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November 24th, 2017

Insight

Ironies and hard truth in the Comey firing

Jay Ambrose

By Jay Ambrose

Published May 11, 2017

 Ironies and hard truth in the Comey firing Zach Gibson / Bloomberg

Donald Trump's firing of FBI Director James Comey was aimed at thwarting an investigation into the president possibly colluding with Russians to defeat Hillary Clinton in the past election, say hypocritical Democrats with applause from others.

It's a nonsensical thesis.

The firing will intensify the investigation, and not just because any tricks would immediately result in calls for impeachment.

After all, career prosecutors and investigative agencies did not lose their jobs. They are honest people who want to do the right thing, they know everyone will be watching what happens and their superiors would be downright foolish to rush in with interventions. In Washington, with an issue as fiery as this one, the truth would get out and the repercussions would be fierce.

The firing actually makes Trump's situation tougher than it otherwise would have been.

Should the FBI find no evidence of collusion -- and so far, there is none that has seen daylight -- wide swathes of doubters would be that much more likely to insist a whole lot of lying is going on.

It's interesting, of course, that the very same people who have been castigating Comey daily and often arguing he ought to go are the ones now saying, oh, dear, why would anyone do this vile thing. The answer is that Trump was subject to the precise reasoning of Deputy Attorney General Rod Rosenstein, an expert legal hand applauded on both sides of the aisle as a man of unimpeachable integrity.

In a letter quickly sent Trump's way, he wrote that Comey broke with the clear meaning of the law by deciding himself not to prosecute Clinton for her email transgressions as secretary of state. It was particularly objectionable that he held a press conference to discuss the case. Then, he was at it again when he said in a letter to Congress that he was starting up the investigation once more.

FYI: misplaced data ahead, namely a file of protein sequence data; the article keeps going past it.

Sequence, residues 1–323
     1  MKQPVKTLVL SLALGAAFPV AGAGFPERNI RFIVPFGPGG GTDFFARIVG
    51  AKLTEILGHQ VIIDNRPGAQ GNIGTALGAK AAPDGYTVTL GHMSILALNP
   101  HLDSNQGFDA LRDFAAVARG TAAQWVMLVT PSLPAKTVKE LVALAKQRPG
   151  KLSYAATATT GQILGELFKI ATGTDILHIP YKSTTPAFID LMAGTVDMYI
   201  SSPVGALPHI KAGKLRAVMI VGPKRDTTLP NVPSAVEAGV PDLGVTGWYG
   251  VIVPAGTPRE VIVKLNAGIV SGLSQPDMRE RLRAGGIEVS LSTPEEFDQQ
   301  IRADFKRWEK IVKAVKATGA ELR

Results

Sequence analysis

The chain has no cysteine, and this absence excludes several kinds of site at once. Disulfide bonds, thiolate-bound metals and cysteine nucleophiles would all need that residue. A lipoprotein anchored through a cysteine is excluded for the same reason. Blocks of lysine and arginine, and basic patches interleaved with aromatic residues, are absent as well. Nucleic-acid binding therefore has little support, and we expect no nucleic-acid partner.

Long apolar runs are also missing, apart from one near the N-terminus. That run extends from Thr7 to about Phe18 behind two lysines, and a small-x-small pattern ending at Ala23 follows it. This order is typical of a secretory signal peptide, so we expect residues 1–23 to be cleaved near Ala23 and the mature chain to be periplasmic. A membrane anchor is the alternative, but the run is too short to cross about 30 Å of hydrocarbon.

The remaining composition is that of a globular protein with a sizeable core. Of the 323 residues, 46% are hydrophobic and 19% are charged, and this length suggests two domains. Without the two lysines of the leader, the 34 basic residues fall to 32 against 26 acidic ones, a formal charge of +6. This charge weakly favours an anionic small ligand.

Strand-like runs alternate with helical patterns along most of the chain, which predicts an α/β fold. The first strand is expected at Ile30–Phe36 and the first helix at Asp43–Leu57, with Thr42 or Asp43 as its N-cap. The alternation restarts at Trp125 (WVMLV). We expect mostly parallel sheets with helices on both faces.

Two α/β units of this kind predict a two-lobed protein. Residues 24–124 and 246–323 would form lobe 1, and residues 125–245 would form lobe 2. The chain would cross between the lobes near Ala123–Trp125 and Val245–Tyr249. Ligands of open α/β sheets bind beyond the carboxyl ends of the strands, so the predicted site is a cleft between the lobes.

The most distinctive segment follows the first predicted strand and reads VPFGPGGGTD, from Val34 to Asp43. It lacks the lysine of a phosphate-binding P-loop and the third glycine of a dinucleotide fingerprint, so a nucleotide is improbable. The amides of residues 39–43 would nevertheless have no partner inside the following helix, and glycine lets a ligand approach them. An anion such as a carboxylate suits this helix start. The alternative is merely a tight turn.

In short, Rosenstein said, Comey had made it impossible for the FBI to be a trusted agency as long as he was in charge.

But wait, anti-Trump zealots say, the timing of the firing is what was awful.

We right now have grand jury proceedings about Russian money having been given to Michael Flynn, for a short period Trump's national security advisor, and the FBI is probing how Russia might have influenced the 2016 election. The obvious answer is that the timing was absolutely appropriate, seeing as how Comey was still going around undercutting himself by defending himself and had just recently made a highly reported, self-serving blunder in testimony before Congress. Another hearing is coming up, but there are plenty who can take Comey's place.

An irony in all of this is that Clinton recently said she was herself responsible for the outcome of the 2016 election even though she wasn't. She put a lot of the blame on Comey, although he initially saved her by not allowing her prosecution as many thought should have happened.

He almost undoubtedly did damage her campaign at least some when he reopened the investigation, making everyone think something major had been discovered. What he did not do was instruct her to carry out her inexcusably careless email deeds in the first place and to then dodge her way out of full-fledged responsibility.

The question now is what comes next, and here is the absurdity of the moment: the Democrats' call for a special prosecutor when there is not yet anything close to a case to prosecute.

Even if there were, special prosecutors have proven themselves especially inept by way of insisting on prosecution no matter what justice requires.

President Trump is himself inept, of course, and he fumbles almost everything he does in one way or another, as in peculiarities included in the letter he wrote on firing Comey. But much of what's going on right now -- such as calling this another Watergate -- is politically inspired, irrationally contrived histrionics.

Jay Ambrose
(TNS)

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Jay Ambrose, formerly Washington director of editorial policy for Scripps Howard newspapers and the editor of dailies in El Paso, Texas, and Denver, is a columnist living in Colorado.

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